One Day, Three Girls, Eighteen Desserts

Chocolate chip and walnut cookie from Levain Bakery.
Chocolate chip and walnut cookie from Levain Bakery.

The idea was born, as most questionable ideas are, late at night. My roommates—Laura and Shannon—and I decided to go on a one-day dessert tour of Manhattan, stopping at all the bakeries and sweet shops that we had always wanted to try. The rules were simple: we would buy and split one item from each place, rotating the purchaser as we went. The only condition was that we would walk the entire route and take the subway to return to our apartment.

We made a list, and charted our tour on Google Maps: a grand total of twenty-one stops and fourteen miles, stretching from Morningside Heights to Chinatown. When we told our friends and family, their reactions ranged from enthusiasm to disbelief. Shannon’s mother asked if we were doing the tour for charity. No, we replied. We just really like dessert.

The tour was set for a Sunday at the end of May, as a reward for the completion of finals week.  We left around 8 in the morning from our Harlem apartment. It wasn’t hard at first—our destinations were well-spaced, and we got to walk near the Hamilton Grange and Morningside Park. Plus, we were eating delicious cake and strudel for breakfast—how bad could it be?

German chocolate cake from Make My Cake.

We breezed down the Upper West Side, adding and dropping locations on whim—bye-bye Vive la Crepe, hello Momofuku Milk Bar. At 84th and Broadway, we ran across a street fair and purchased a deep-fried Oreo. Everything felt promising: the sun was shining, our Band-Aids were secure, and we still had feeling in our legs.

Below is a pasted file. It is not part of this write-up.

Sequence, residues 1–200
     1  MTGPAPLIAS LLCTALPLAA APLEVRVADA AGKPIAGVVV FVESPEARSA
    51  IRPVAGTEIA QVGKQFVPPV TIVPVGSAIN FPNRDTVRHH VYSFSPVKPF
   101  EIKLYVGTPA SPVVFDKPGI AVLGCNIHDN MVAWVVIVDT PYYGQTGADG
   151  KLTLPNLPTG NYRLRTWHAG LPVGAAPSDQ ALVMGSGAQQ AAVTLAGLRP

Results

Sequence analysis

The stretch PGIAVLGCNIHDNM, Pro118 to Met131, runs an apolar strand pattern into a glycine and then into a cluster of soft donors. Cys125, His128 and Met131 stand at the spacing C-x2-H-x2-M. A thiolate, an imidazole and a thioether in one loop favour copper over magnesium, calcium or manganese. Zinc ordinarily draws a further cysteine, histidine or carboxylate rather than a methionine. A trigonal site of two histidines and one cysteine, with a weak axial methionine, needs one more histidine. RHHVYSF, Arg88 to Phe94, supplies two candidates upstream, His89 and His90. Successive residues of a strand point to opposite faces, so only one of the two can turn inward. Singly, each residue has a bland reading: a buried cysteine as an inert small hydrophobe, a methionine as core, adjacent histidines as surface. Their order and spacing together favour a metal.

By lunchtime, however, we were starting to fade. Dessert, as it turns out, is not the best fuel for walking the length of the island. At Bryant Park, we broke down and bought salads, desperate for something that wasn’t chocolate-dipped or sugarcoated.

After elbowing our way through Midtown, we entered into the final stretch. At Union Square, we came across our second street fair, a Taiwanese festival.  However, even the bright stalls of the festival could not distract us from exhaustion and nausea. By the time we reached our final stop, Big Gay Ice Cream, we were ready to take the 1 train home. We had managed eighteen locations in about nine hours.

Pretzel croissant from City Bakery.
Pretzel croissant from City Bakery.

On the way back, we remembered the standouts from the day: the German chocolate cake from Make My Cake (St. Nicholas Avenue at West 116th), the chocolate chip and walnut cookie from Levain Bakery (West 74th and Amsterdam), and the pretzel croissant from City Bakery (West 18th between 5th and 6th). Our least favorite dessert was Baked by Melissa’s dry mini cupcakes (Broadway between West 84th and 85th).

If we had to do the tour again, we would make a few changes—ten locations, at most, within a smaller area of the city. But with cushioned sneakers and an iron stomach, Manhattan can be a pretty sweet place to embark on a dessert tour.

Here is our complete list of stops and desserts: Make My Cake (German chocolate cake), Hungarian Pastry Shop (apple strudel), Screme Gelato Bar (gelato samples), Momofuku Milk Bar (crack pie), Beard Papa’s (cream puff), Baked by Melissa (mini cupcakes), Levain Bakery (chocolate chip and walnut cookie), Jacque Torres (chocolate), Wafels and Dinges truck (waffle with speculoos), Bouchon Bakery (berry macaron), Magnolia Bakery (banana pudding), Doughnut Plant (tres leches doughnut), L.A. Burdick (hot chocolate), City Bakery (pretzel croissant), La Churreria (churros), Georgetown Cupcakes (hummingbird cupcake), Big Gay Ice Cream (American Glob ice cream cone)

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